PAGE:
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The Canadian spaceport launch vehicle year end rankings

MLS launch from the Nova Scotia spaceport. Credit: MLS.

As 2020 comes to an end and we publish our 3rd edition of the Canadian Spaceport Launch Vehicle Power Rankings, we ask ourselves is the glass half empty or half full? That perception is up to you. Event though it's been a very difficult year with the COVID-19 pandemic sweeping across the globe, there are signs for optimism.

It's also a time for the government to step up and support a Canadian spaceport. Standing on the sidelines won't do anymore, the government needs to keep moving forward with implementing its space strategy, and that includes supporting a Canadian spaceport. We discuss how this can be achieved in a cost-effective way.

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About Marc Boucher

Marc Boucher
Boucher is an entrepreneur, writer, editor & publisher. He is the founder of SpaceQ Media Inc. and CEO and co-founder of SpaceRef Interactive Inc. Boucher has 20 years working in various roles in the space industry and a total of 28 years as a technology entrepreneur including creating Maple Square, Canada's first internet directory and search engine.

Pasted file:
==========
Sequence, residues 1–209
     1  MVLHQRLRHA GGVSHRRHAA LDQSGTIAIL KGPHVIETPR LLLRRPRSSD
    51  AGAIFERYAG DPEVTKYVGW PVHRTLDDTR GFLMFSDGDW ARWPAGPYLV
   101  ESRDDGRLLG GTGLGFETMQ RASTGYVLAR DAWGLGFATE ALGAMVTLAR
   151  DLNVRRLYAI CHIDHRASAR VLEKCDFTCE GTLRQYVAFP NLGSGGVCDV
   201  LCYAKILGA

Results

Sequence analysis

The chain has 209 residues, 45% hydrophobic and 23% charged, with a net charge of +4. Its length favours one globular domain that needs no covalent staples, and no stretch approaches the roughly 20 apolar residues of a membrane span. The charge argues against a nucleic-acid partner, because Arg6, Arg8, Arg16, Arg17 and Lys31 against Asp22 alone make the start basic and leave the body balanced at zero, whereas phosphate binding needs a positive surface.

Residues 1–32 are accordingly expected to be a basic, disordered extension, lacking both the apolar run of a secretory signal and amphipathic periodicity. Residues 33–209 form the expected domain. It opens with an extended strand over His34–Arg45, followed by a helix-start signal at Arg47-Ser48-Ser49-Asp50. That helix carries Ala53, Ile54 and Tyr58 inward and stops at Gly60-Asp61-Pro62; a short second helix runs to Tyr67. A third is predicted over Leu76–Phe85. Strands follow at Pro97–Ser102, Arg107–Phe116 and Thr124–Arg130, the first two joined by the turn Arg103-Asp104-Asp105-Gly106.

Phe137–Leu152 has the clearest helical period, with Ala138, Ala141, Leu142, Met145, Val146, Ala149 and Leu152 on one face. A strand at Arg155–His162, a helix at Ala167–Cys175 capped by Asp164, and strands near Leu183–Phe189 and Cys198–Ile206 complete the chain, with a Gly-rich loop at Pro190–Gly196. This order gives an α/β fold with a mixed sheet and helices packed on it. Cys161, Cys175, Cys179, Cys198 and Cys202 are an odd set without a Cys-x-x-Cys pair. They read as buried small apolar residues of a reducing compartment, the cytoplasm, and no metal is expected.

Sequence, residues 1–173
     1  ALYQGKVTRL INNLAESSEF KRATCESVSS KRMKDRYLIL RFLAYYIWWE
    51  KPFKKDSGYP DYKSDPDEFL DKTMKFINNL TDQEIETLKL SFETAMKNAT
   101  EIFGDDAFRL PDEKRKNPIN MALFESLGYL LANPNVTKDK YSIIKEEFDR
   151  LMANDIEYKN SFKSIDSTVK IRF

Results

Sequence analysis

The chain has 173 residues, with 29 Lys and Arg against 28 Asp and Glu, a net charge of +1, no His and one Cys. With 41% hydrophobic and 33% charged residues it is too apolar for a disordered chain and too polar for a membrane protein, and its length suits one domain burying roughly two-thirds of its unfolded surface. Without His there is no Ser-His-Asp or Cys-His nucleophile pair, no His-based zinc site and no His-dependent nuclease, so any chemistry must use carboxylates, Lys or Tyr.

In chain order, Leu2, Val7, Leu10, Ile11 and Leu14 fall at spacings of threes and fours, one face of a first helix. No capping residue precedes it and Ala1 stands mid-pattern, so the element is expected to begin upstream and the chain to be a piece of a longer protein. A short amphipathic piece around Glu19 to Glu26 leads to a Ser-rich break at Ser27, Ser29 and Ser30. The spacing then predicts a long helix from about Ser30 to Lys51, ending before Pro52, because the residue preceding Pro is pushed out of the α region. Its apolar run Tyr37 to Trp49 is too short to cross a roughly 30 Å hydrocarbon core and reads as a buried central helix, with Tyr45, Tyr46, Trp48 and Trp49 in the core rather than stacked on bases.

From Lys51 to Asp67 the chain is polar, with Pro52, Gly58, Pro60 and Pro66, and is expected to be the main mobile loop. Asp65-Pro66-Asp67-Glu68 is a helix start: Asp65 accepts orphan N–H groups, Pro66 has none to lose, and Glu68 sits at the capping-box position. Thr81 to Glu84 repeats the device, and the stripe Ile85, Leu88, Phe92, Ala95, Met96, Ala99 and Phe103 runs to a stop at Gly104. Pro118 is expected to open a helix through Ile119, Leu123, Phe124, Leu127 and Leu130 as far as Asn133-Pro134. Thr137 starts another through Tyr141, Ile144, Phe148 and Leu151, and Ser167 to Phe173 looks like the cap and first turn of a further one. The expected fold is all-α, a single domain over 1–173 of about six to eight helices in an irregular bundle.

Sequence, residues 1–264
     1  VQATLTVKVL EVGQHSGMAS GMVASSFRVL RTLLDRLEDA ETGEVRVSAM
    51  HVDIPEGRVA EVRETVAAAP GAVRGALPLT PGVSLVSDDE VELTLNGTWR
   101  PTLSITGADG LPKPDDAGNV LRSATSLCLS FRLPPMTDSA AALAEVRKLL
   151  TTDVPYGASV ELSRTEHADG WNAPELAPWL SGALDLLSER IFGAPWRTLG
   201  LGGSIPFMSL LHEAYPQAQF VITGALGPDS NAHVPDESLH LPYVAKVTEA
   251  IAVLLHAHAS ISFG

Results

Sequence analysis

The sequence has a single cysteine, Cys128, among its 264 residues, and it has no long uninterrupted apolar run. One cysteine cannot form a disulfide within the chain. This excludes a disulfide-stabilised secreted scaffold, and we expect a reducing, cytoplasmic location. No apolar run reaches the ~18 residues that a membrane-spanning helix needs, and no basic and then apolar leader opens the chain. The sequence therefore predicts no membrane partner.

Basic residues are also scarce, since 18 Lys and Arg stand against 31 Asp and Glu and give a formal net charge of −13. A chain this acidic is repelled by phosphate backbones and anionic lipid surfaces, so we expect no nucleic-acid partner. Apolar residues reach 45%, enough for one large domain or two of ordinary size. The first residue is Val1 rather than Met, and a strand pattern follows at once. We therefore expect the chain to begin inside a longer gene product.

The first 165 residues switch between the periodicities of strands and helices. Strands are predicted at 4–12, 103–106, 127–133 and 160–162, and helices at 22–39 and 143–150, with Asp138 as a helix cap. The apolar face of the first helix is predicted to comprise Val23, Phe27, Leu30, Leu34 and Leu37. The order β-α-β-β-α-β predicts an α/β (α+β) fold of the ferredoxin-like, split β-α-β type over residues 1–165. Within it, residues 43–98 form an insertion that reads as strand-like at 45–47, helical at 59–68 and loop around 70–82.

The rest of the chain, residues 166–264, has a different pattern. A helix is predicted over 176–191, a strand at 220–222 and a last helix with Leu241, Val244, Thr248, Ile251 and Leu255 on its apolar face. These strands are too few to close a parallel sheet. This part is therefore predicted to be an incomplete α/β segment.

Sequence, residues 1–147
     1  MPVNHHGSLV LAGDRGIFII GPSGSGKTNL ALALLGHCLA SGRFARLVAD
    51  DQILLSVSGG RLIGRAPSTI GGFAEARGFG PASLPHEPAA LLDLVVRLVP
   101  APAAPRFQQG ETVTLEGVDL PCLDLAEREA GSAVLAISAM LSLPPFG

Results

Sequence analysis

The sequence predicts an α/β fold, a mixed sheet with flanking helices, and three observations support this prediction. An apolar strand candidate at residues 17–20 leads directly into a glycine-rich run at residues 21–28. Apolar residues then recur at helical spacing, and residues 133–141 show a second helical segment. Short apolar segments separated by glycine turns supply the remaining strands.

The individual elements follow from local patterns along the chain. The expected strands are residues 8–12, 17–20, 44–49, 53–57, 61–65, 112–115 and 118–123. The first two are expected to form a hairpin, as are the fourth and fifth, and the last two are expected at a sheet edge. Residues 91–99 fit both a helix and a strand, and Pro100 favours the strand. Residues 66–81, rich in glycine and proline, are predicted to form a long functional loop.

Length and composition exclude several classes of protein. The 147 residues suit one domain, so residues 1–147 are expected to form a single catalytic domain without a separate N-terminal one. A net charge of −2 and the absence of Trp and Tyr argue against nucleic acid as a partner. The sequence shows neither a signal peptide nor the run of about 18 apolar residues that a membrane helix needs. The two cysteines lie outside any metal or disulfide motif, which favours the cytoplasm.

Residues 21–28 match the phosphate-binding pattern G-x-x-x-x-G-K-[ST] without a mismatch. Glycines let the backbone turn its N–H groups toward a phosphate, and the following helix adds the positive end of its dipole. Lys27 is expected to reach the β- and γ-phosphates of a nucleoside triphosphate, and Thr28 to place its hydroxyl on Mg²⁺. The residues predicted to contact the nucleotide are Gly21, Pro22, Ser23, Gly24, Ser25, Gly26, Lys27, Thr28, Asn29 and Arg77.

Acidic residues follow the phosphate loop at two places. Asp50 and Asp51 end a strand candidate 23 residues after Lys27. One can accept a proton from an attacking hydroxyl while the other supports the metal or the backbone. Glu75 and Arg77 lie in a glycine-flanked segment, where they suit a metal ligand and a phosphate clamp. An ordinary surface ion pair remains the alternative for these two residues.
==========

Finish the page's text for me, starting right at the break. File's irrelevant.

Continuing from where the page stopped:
2 comments

  1. Avatar

    Canada is too far away from the equator to have a viable space port. The closer to the equator the less energy required, and hence cheaper, to put a satellite into orbit if I remember correctly.

  2. Marc Boucher

    Canada is not too far north. In fact, the well used Baikonur Cosmodrome in Kazakhstan is slightly farther north than the proposed MLS Nova Scotia spaceport. And all the Russian cosmodromes are further north.